WIPO Arbitration and Mediation Center
ADMINISTRATIVE PANEL DECISION
Scania CV AB (Publ) v. Stian Haverstad
Case No. D2005-1339
1. The Parties
The Complainant is Scania CV AB (Publ), Corporate Relations, Södertälje, Sweden, represented by Konsultbyrån för Marknadsrätt, Sweden.
The Respondent is Stian Haverstad, Sor-Fron, Norway.
2. The Domain Name and Registrar
The disputed domain name <norskscania.com> is registered with iHoldings.com Inc. d/b/a DotRegistrar.com.
3. Procedural History
The Complaint was filed with the WIPO Arbitration and Mediation Center (the “Center”) on December 23, 2005. On December 28, 2005, the Center transmitted by email to iHoldings.com Inc. d/b/a DotRegistrar.com a request for registrar verification in connection with the domain name at issue. On December 28, 2005, iHoldings.com Inc. d/b/a DotRegistrar.com transmitted by email to the Center its verification response confirming that the Respondent is listed as the registrant and providing the contact details for the administrative, billing, and technical contact. The Center verified that the Complaint satisfied the formal requirements of the Uniform Domain Name Dispute Resolution Policy (the “Policy”), the Rules for Uniform Domain Name Dispute Resolution Policy (the “Rules”), and the WIPO Supplemental Rules for Uniform Domain Name Dispute Resolution Policy (the “Supplemental Rules”).
In accordance with the Rules, paragraphs 2(a) and 4(a), the Center formally notified the Respondent of the Complaint, and the proceedings commenced on January 19, 2006. In accordance with the Rules, paragraph 5(a), the due date for Response was February 8, 2006. The Respondent did not submit any response. Accordingly, the Center notified the Respondent’s default on February 9, 2006.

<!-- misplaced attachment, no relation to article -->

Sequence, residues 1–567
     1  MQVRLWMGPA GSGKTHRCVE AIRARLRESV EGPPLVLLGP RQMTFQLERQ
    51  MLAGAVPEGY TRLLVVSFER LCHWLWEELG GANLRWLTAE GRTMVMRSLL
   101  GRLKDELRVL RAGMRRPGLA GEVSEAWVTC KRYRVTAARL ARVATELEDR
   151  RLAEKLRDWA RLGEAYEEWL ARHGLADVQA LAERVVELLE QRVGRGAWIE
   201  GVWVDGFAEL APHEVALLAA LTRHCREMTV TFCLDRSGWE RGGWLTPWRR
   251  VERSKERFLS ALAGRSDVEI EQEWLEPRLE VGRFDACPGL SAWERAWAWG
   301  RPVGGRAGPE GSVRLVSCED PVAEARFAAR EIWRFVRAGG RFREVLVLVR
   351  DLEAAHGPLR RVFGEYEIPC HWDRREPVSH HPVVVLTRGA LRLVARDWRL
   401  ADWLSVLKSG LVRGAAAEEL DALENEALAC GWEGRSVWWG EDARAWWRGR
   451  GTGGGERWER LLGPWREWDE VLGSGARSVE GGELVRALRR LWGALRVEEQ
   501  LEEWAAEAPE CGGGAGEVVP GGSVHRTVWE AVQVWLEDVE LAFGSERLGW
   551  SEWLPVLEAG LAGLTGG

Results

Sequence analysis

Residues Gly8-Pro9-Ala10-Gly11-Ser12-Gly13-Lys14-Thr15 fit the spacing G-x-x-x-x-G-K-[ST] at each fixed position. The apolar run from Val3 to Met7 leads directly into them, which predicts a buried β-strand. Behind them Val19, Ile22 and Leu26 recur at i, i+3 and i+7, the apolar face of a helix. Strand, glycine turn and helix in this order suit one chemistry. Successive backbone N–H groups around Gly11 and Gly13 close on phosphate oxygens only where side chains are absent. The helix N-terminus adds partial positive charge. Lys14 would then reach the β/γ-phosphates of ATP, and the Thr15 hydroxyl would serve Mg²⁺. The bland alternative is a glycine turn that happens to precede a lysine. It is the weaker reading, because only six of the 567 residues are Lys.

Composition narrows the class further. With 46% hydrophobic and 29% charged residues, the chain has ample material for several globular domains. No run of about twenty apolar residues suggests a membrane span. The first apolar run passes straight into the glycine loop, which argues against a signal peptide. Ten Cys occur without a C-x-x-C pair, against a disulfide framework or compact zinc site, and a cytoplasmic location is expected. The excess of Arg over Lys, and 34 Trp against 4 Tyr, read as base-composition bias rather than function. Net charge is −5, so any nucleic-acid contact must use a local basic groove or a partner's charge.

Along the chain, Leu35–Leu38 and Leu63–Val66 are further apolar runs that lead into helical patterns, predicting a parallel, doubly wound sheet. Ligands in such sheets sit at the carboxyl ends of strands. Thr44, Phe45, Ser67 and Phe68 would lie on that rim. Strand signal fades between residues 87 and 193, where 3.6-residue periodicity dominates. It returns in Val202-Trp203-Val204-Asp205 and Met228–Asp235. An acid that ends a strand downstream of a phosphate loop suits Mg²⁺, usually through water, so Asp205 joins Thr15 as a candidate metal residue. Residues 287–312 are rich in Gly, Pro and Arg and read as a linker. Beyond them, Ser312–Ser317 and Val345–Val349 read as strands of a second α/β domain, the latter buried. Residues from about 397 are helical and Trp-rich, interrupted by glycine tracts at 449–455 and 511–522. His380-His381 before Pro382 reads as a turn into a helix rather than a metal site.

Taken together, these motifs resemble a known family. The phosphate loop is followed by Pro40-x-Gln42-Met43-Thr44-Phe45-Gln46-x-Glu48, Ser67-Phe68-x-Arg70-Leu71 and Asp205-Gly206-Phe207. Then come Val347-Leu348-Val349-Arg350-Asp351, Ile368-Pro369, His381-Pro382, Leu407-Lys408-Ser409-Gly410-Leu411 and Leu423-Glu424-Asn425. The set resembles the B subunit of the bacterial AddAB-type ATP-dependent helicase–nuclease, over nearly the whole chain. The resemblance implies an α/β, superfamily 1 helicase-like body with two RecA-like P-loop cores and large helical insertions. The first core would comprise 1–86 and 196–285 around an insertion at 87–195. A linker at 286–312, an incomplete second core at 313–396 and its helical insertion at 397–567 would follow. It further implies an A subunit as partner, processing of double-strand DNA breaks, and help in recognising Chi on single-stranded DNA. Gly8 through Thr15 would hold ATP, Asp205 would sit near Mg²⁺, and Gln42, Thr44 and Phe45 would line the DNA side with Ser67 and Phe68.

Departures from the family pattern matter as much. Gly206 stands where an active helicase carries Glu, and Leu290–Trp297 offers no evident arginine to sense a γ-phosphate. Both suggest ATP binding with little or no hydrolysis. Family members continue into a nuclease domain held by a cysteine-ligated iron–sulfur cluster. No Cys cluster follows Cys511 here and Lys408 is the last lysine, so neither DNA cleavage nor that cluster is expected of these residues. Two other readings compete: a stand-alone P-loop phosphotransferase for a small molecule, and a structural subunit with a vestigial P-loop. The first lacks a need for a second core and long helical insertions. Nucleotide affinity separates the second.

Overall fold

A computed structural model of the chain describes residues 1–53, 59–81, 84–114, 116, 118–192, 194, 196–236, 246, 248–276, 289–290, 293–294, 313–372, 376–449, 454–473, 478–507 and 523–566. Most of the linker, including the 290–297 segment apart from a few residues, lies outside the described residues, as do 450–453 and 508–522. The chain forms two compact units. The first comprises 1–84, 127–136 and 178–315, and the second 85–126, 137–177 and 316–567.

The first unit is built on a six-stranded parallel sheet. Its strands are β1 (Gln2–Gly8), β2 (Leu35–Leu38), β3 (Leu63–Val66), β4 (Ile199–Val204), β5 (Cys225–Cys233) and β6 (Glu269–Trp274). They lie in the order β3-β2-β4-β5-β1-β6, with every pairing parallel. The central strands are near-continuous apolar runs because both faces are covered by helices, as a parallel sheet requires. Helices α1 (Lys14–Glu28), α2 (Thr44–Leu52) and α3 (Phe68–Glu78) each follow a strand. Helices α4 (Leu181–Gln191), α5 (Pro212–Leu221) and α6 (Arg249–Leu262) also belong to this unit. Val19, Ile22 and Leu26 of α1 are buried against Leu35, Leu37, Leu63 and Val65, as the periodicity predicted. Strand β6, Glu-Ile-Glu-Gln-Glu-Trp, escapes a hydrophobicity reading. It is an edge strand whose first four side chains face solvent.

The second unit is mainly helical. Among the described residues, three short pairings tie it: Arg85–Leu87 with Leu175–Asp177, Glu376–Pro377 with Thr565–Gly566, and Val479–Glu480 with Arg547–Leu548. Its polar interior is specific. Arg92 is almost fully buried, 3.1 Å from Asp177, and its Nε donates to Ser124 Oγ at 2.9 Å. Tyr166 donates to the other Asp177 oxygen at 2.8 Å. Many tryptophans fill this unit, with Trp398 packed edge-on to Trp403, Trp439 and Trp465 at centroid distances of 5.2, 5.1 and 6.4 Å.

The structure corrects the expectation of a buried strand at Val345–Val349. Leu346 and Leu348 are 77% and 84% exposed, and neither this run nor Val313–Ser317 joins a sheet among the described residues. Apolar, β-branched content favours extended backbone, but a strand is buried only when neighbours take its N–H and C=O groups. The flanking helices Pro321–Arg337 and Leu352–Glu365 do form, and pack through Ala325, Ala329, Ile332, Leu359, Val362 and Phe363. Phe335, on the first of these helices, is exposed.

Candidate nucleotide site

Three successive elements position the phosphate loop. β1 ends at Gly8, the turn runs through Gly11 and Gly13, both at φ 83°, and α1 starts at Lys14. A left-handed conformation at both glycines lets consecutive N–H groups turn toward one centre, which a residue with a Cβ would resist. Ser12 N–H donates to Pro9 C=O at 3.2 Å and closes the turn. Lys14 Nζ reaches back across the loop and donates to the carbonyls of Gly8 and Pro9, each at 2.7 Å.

The Center appointed Knud Wallberg as the sole panelist in this matter on February 14, 2006. The Panel finds that it was properly constituted. The Panel has submitted the Statement of Acceptance and Declaration of Impartiality and Independence, as required by the Center to ensure compliance with the Rules, paragraph 7.
4. Factual Background
Scania CV AB (Publ) is a Swedish joint stock company founded in 1891, and registered as a Swedish company in 1962.
The Complainant is a manufacturer of heavy trucks and buses as well as industrial and marine engines. The Complainant also markets and sells a broad range of service-related products and financing services.
Scania is a global company with operations in more than 100 countries in Europe, Latin America, Asia, Africa and Australia, operations are based in more than 100 countries.
The Complainant has registered the trademark SCANIA as a word mark in respect of heavy vehicles and engines in several classes in more than 150 countries, including in Norway. The Complainant has also registered the trademark in over 150 different domain names under various top-level domains.
The trademark SCANIA has, due to extensive and long-term use on products and services of the Complainant, acquired status as a well-known trademark within the heavy vehicles industry. This has been confirmed in several previous WIPO UDRP decisions.
5. Parties’ Contentions
The Complainant first became aware of the Respondent’s registration in October 2005. A print out of the website shows that “www.norskscania.com” tries to give the impression that the site or company is a retail dealer or in some other way connected to Scania - both by the use of the domain name <norskscania.com> and the use of Scanias logotype – combined with a picture of a Scania truck on the website. Scania is however not in anyway related with “www.norskscania.com”. The use of the domain name and logotype is therefore both unauthorized and a serious trademark and domain name infringement.
The Respondent has obviously and intentionally chosen a domain name based on the well-known brand to claim under false pretences that the website is related to Scania.